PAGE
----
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A Red Wallflower by Susan Warner

''Miss Gainsborough will say that


do attain it,--sometimes.'

'And keep it?'

'Keep it? You cannot keep anything in this world.'

'I do not think anything is happiness, that you cannot keep.'

'But--if you come to that--what _can_ you keep?' said Betty.

Esther bent forward a little, and said, with an intense gleam in her grey eyes, which seemed to dance and sparkle,

'"Jesus Christ, the same yesterday, and to-day, and for ever."'

'I do not know Him,' Betty breathed out, after staring at her companion.

'I saw that.'

Esther rose, and Betty felt constrained to rise too.

'Oh, are you going?' she cried. 'I have not done talking. How can I know Him?'

'Do you wish me to tell you?'

'Indeed, yes.'

'If you are in dead earnest, and seek Him, He will reveal Himself to you. But then, you must be willing to obey every word He says. Good night.'

She offered her hand. Before Miss Frere, however, could take it, up came the lady of the house.

'You are not _going_, Miss Gainsborough?'


father would be uneasy if I stayed out late.'

'Oh, well, for once! What have you two been talking about? I saw several gentlemen casting longing looks in this direction, but they did not venture to interrupt. What were you discussing?'

'Life in general,' said Betty.

'Life!' echoed the older woman, and her brow was instantly clouded. 'What is the use of talking about that? Can either of you say that her life is not a failure?'

'Miss Gainsborough will say that,' replied Betty. 'As for me, my life is a problem that I have not solved.'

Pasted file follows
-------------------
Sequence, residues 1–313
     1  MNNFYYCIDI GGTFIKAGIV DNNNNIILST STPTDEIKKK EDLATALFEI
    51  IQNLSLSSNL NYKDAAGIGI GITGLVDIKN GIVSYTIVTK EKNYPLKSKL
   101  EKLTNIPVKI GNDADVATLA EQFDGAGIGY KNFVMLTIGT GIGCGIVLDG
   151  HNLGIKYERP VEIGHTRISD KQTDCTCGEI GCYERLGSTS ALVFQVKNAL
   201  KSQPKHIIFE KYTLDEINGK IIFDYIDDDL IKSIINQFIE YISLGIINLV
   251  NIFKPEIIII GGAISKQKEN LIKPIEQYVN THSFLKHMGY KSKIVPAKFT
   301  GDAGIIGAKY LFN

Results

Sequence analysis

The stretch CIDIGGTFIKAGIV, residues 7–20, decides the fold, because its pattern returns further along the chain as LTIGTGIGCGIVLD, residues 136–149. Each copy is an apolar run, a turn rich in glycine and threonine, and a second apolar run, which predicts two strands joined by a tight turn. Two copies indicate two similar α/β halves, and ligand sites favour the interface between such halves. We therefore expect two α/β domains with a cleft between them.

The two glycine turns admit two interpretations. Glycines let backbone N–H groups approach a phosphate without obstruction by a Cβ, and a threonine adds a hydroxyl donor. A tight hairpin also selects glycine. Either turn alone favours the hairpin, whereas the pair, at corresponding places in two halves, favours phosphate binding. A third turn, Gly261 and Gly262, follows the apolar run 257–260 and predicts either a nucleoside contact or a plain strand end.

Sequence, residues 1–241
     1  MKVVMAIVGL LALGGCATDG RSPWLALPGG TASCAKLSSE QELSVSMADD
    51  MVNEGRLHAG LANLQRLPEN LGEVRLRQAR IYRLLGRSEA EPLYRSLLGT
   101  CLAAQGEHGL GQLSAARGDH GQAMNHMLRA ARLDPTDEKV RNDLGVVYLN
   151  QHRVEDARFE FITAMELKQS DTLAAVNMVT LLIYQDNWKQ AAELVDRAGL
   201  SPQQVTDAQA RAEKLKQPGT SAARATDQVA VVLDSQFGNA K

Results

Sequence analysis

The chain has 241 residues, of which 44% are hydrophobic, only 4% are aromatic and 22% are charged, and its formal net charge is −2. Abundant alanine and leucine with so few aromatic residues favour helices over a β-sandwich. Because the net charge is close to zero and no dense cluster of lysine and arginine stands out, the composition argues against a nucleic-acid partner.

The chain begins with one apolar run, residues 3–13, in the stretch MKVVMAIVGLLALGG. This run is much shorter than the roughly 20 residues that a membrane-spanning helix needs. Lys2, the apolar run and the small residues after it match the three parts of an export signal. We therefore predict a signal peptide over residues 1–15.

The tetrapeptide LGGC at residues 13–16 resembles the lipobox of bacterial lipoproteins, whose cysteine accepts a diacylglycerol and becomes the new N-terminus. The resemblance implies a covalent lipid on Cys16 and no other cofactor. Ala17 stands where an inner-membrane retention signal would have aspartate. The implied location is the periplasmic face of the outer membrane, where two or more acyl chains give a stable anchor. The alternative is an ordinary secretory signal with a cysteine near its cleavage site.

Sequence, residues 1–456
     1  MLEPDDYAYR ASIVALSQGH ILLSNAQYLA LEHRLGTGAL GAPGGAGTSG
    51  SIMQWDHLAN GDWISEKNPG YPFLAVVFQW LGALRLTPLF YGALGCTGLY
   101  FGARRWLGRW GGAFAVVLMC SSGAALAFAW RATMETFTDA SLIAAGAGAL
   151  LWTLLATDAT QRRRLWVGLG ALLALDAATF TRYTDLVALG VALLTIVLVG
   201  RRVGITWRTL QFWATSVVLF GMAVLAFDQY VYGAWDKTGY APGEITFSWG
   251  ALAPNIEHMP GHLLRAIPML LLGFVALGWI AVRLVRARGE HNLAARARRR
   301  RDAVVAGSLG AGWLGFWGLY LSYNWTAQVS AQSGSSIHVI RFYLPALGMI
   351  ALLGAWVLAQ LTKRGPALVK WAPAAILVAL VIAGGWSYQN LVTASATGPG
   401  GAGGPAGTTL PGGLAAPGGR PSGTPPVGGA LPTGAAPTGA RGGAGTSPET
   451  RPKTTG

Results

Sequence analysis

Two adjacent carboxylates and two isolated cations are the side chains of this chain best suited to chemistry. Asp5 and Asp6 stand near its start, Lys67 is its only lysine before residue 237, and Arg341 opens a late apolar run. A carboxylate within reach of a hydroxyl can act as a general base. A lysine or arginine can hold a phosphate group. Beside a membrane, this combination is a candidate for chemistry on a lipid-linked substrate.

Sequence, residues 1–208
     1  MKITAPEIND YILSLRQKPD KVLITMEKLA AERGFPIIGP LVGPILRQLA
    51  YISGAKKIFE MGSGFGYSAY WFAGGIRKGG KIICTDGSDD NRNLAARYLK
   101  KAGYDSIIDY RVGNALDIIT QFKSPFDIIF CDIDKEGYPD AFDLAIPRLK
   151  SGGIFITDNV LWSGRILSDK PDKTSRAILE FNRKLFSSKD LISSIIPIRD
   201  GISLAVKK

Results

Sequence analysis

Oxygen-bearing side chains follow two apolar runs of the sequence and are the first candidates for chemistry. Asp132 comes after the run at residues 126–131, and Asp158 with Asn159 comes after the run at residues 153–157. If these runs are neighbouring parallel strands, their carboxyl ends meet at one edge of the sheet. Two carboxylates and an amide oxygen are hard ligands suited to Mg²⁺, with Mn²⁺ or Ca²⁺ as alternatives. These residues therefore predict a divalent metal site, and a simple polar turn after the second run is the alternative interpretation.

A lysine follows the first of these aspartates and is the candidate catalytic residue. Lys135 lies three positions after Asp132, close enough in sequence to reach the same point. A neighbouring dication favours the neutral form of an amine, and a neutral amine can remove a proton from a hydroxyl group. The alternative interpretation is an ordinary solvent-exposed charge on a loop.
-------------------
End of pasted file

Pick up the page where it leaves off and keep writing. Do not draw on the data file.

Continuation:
'What do you mean by a "failure," Mrs. Chatsworth?' the other girl asked.

'Oh, just a failure! Turning out nothing, coming to nothing; nothing, I mean, that is satisfying. "_Tout lasse,--tout casse,--tout passe!_" A true record; but isn't it sorrowful?'

'I do not think it need be true,' said Esther.

'It is not true with you?'

'No, certainly not.'

'Your smile says more than your words. What a smile! My dear, I envy you. And yet I do not. You have got to wake up from all that. You are seventeen, eighteen--nineteen, is it?--and you have not found out yet that the world is hollow and your doll stuffed with sawdust.'

'But the world is not all.'

'Isn't it? What is?'

'The Lord said, "He that believeth on me hath everlasting life."'

'Everlasting life! In the next world! Oh yes, my dear, but I was speaking of life now.'

'Does not everlasting life begin now?' said Esther, with another of those rare smiles. They were so rare and so beautiful that Betty had come to watch for them,--arch, bright, above all happy, and full of a kind of loving power. 'The Lord said "hath"; He did not say will "have."'

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